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This One-Off Diesel Maserati ‘Cinqueporte’ Wagon Is Full of Questionable Decisions

The most difficult part of the 1,500-hour build was getting the electric tailgate to work.

When we reported on that brown, manual Cadillac CTS-V wagon a couple of months ago, we thought it would be the greatest example of the “perfect wagon” we’d see for a very long time, but the subject of today’s enthusiast-bait listing might just give the Caddy a run for its money. It admittedly falls short by not being brown and not having a manual or even a V8 engine—but to make up for those deficits—it’s a diesel and Italian. As seen on Classic Driver, a cheekily named Maserati “Cinqueporte” diesel wagon is for sale in the U.K.

To save you a trip to Wikipedia, no, Maserati never made a wagon out of the current-gen Quattroporte. Instead, this thing is a one-off custom build inspired by the Bellagio Fastback Touring variant of the previous Quattroporte. As the story goes, only four Bellagios were made and after a very determined British wagon fan missed out on one at RM Sotheby’s auction in 2013, he decided to take matters into his own hands, commissioning a wagon conversion of this newer model Maserati. 1,500 man-hours, one frustrating electric tailgate, and an undisclosed but presumably sizeable amount of British pounds later, the “Cinqueporte” was born. (“Cinque” is Italian for “five.”)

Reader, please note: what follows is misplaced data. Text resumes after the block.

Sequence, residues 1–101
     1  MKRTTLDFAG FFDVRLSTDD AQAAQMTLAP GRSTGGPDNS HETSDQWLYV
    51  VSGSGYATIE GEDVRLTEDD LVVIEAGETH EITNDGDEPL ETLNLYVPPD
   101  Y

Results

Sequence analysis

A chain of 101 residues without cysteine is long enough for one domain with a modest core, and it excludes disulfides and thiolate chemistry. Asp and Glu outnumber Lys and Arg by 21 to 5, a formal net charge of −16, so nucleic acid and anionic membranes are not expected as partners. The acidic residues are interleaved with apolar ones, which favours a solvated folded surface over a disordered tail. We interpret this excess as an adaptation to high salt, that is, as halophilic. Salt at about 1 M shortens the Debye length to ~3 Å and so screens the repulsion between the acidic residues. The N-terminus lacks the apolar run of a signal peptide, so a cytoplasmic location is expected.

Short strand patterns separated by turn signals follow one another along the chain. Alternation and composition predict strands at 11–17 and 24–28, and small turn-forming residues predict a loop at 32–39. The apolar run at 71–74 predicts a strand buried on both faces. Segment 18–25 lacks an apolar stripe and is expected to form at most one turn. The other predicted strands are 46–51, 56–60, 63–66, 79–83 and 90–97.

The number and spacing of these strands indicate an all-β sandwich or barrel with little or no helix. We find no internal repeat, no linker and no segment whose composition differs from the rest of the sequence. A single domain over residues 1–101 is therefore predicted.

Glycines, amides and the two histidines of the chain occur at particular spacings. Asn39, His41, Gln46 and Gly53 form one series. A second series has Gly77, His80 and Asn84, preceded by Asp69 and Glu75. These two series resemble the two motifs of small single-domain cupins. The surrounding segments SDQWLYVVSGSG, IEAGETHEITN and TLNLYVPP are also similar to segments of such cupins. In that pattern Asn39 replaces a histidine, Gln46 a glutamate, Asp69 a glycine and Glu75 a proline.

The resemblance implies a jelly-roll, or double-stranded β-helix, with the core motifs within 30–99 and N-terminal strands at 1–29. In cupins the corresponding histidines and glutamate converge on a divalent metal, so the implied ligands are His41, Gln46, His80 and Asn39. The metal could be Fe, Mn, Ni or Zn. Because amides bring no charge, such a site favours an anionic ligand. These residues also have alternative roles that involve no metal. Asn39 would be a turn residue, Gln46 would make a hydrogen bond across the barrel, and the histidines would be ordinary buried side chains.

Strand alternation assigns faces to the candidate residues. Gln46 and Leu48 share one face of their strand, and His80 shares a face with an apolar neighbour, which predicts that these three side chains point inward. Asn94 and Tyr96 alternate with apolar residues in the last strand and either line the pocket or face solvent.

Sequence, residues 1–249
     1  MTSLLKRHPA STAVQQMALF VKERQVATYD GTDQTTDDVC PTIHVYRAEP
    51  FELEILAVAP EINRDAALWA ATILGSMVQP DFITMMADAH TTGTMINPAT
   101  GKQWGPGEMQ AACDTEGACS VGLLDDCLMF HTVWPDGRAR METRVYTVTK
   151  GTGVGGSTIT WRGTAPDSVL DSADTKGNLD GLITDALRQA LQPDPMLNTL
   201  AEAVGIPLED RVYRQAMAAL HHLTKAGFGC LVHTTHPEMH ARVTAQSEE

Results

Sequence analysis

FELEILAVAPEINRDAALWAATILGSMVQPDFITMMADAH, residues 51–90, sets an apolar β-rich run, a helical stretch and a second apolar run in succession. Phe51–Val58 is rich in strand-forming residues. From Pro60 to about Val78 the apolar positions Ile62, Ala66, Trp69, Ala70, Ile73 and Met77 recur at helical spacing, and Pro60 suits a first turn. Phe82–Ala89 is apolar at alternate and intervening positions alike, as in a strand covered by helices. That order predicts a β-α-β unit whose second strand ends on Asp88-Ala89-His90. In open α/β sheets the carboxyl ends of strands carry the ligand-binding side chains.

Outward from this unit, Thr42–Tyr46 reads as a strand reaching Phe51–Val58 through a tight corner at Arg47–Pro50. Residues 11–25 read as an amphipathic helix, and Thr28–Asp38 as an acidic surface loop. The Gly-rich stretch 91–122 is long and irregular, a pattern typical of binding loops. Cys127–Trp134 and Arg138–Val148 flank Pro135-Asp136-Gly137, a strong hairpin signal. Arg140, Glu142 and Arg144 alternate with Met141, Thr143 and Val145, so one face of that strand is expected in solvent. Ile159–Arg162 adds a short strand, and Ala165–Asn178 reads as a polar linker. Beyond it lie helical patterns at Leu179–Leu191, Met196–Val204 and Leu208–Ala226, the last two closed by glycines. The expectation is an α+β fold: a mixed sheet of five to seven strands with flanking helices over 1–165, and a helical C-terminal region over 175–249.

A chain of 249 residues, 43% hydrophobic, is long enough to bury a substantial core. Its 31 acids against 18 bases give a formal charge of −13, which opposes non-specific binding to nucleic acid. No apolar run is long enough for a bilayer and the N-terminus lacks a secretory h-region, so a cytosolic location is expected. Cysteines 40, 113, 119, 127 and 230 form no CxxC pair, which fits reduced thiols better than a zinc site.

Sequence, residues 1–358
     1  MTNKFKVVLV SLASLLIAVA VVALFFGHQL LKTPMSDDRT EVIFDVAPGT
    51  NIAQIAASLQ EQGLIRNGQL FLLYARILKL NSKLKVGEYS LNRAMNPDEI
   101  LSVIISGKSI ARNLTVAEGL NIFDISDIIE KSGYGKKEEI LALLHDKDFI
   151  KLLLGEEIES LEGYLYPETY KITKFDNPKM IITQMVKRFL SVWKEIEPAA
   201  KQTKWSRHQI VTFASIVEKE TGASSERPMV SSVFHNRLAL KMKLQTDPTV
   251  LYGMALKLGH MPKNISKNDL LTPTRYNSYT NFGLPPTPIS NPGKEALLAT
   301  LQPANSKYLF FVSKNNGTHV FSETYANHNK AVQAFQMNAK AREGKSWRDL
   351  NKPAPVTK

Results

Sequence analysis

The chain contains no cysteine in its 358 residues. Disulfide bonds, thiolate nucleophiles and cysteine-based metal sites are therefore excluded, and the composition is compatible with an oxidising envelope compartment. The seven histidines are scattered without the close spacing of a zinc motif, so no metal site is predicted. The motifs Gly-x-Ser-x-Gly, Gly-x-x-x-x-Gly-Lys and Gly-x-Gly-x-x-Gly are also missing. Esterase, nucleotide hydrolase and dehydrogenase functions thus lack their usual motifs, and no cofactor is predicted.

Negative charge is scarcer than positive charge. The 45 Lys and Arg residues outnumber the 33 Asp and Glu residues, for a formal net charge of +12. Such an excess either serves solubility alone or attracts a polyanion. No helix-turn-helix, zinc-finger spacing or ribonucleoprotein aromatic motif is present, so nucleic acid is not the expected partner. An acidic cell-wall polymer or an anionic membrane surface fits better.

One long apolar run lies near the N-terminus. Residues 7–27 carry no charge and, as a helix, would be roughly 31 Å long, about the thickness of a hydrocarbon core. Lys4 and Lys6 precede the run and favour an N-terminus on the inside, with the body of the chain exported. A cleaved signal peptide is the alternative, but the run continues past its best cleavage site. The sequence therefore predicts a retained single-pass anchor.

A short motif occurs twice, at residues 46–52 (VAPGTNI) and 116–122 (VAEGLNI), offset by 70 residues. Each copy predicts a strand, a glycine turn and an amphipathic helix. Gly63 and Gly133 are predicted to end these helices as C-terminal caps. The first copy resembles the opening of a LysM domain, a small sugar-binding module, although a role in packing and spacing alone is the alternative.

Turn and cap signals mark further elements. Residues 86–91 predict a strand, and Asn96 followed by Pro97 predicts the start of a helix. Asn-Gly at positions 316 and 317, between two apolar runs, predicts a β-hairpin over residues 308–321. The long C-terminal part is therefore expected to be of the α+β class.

With precisely 8,714 miles on the odometer, this one-off Italian station wagon features a black, right-hand-drive interior and is finished in Gunmetal Grey. Sure, some shade of brown would have given it more internet points but this gray-on-black color scheme looks pretty badass in its own right. Behind the Maserati trident sits a 3.0-liter turbodiesel V6 making 271 horsepower traveling exclusively to the rear wheels through an eight-speed ZF automatic.

Classic Driver

The seller has opted to keep this car’s asking price hidden to the public but as practical and average-looking this Quattroporte might be from a distance, something tells us it’s one of those deals in which if you have to ask, you probably can’t afford it. We can’t imagine a one-off Maserati being very cheap, no matter how many baby seats it can fit.

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